A few years ago my wife and I challenged each other. Because I get so busy I just forgot to eat. I also get a little lethargic after I eat. I feel sharper. I need to be on the whole time. If i take a snack break it throws me off. I am a big fan of intermittent fasting. 
Nutrition, i flip flop between a few things but I try to eat as little sugar as possible. Nothing with any vegetable oil, no processed foods, and minimal to no gluten. My wife has celiac, since we have been together I have taken gluten out. I instantly get a little bloated when I have gluten. The bulk of my calories are centered around high quality meats. I eat rice, potatoes.
MK: so nothing against carbs, but all the carbs are natural complex carbohydrates, not processed. Do you eat fruit? 
(confusion ensues as to whether a plantain is a vegetable or fruit)
JL: blueberries, black berries, grape fruits. I like high meat meals. 
MK: Getting back to fitness. Your niche is movement. You are all about extending your range of motion, about moving into new positions etc. How did that type of exercise become your focus? 
JL: I am just trying to make my body move better. The overall goal is a body that moves better. I had a revelation that I wasn’t moving well, I couldn’t touch my toes, I couldn’t squat. Chances are after a lower body session I would have back pain. I thought it was ridiculous that I was showing people how to move better and I couldn’t move myself. I went down a rabbit hole of fixing myself and it continues to be an addiction. 
MK: I look at you, you seem like you feel amazing all the time. Is that true? Do you have any lingering pain or do you feel good all the time. 
JL: One thing I have to be careful about is not taking it too far, or training through soreness. I strained my hamstring and had to take a few weeks off. The more you do this the more aware you become of certain things. I feel like I know my body so well, any minute thing I can pick out and fix.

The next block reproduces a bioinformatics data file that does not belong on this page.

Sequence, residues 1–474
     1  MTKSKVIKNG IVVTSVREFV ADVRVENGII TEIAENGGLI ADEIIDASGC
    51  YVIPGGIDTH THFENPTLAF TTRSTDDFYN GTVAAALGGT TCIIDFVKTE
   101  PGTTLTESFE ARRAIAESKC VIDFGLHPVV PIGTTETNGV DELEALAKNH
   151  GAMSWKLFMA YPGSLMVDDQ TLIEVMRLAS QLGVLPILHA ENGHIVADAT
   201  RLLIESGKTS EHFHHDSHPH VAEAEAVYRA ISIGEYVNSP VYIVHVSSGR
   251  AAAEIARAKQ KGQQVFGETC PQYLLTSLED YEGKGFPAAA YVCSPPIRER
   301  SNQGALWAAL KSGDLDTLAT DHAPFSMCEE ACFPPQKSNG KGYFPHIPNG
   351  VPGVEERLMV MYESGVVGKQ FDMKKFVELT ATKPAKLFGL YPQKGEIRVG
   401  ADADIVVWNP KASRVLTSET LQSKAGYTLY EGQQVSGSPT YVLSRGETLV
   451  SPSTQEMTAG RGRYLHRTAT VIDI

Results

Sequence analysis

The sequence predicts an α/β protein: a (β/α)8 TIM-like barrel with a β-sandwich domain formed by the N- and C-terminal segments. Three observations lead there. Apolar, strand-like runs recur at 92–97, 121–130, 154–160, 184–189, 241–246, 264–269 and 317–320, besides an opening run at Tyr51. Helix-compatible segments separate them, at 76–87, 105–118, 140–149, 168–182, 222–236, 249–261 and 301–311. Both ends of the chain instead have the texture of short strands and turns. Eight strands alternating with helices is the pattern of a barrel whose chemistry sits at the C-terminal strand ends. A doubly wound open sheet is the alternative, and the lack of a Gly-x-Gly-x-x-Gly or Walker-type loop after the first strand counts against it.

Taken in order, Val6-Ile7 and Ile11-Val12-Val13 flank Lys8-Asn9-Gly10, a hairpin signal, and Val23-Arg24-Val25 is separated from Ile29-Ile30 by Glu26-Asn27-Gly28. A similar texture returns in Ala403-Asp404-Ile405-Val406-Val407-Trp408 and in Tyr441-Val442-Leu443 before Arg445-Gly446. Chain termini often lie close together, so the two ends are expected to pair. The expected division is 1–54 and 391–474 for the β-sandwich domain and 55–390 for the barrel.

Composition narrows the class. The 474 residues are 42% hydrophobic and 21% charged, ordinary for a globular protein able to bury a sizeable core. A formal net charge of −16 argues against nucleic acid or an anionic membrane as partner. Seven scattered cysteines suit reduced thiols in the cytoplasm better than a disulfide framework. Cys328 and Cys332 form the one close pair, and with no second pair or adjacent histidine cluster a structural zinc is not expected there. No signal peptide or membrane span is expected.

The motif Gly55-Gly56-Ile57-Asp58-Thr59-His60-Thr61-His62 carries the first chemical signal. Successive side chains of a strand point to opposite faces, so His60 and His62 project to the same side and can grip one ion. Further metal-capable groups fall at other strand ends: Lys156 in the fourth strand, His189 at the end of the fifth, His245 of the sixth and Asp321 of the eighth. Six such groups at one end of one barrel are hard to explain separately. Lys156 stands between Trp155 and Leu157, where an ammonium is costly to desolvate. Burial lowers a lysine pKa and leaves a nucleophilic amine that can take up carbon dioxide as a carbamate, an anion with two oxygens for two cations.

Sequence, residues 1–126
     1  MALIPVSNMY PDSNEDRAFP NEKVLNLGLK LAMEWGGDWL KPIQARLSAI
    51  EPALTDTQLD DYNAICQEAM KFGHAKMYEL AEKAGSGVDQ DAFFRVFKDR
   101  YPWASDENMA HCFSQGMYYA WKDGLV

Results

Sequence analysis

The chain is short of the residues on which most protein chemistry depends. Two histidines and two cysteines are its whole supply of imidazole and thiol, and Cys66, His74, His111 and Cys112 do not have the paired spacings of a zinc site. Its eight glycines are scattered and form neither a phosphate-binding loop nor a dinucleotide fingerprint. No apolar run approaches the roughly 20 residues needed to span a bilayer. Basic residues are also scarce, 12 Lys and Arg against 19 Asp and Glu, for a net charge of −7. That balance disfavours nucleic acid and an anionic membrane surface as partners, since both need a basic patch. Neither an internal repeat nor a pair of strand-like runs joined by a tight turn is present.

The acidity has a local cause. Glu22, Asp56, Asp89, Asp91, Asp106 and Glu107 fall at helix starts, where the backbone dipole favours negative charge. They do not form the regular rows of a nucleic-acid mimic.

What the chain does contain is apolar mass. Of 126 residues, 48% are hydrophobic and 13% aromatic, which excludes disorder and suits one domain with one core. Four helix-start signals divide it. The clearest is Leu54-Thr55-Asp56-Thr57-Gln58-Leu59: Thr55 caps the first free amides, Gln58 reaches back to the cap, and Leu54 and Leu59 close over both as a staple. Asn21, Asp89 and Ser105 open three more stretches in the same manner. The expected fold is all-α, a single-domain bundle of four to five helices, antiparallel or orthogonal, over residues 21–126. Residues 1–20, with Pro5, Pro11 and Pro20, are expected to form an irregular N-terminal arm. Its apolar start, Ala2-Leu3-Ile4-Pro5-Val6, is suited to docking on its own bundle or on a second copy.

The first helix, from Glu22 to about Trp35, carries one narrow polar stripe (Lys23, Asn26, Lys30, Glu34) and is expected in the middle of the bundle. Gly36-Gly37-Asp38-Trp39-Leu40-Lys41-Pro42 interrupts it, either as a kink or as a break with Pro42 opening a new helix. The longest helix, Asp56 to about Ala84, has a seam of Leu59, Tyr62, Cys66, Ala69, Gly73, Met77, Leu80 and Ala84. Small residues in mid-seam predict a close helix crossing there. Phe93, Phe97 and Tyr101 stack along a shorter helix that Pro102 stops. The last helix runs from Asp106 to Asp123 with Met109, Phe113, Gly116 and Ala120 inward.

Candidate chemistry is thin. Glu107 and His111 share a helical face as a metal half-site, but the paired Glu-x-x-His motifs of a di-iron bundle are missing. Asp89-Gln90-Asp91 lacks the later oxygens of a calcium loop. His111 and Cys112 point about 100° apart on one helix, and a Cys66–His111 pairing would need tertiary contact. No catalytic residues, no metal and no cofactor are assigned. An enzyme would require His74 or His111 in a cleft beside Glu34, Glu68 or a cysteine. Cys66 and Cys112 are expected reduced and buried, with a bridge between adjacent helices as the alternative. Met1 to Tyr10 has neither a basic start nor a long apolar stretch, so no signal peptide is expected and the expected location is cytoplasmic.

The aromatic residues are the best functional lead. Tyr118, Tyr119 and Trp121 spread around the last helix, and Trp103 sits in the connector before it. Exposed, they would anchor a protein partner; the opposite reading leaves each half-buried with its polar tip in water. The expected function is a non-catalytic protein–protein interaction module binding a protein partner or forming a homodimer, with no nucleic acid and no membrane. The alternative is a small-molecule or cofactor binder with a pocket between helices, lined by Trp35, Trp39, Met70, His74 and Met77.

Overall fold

MK: do you get sick often, or ever? 
JL: I don’t even remember the last time I was sick. I had food poisoning from eating some 6 week expired bacon. That was the last time I got sick but that was clearly self inflicted. 
MK: Do you drink alcohol anymore?
JL: Oh yea, at least one night a week on the weekends. My wife and I will have a few glasses of wine. 
MK: I ask just because people wonder if they need to completely cut alcohol to be healthy. 
JL: I avoid it during the week because my routine is so locked that any variable would throw it off. 
MK: I noticed you don’t abstain from dessert either. 
JL: My wife is a professional chef. Everything is gluten free, nothing is made with refined sugar. Some of it has sugar but its all natural sugar. We have dessert a couple times a week. I wont say its healthy but its as healthy as I can be. 
MK: So you recognize that its a deviation but its worth it to enjoy life and not be too spartan in your discipline. 
MK: What is the best part of your job. 
JL: My in person job at Ford is the people I work with. They are very hard working, smart, and receptive. I introduce a lot of foreign concepts but they are very receptive and willing to take a chance. But they end up seeing value right away. They are a great group of people to work with. 
MK: my favorite part of my training job was the people I work with. 
JL: eventually I want to have my own business. The hardest part will be giving up all the people I see on a regular basis. 
The best part about online is that people want to follow in my footsteps. Even though it isn’t in person, it is nice to work with folks who want to pursue the same thing I am. 
MK: one last question, a bit off topic. What book are you reading? 
JL: The Unlikely Spy by Daniel Silva (link
Conversation about the book ensues. 
MK: any closing thoughts before we finish? 
JL: Move more. You only get one body, don’t screw it up. Start moving. You need to take care of your body and take care of it often. 
Thanks John for the time today. It was great catching up!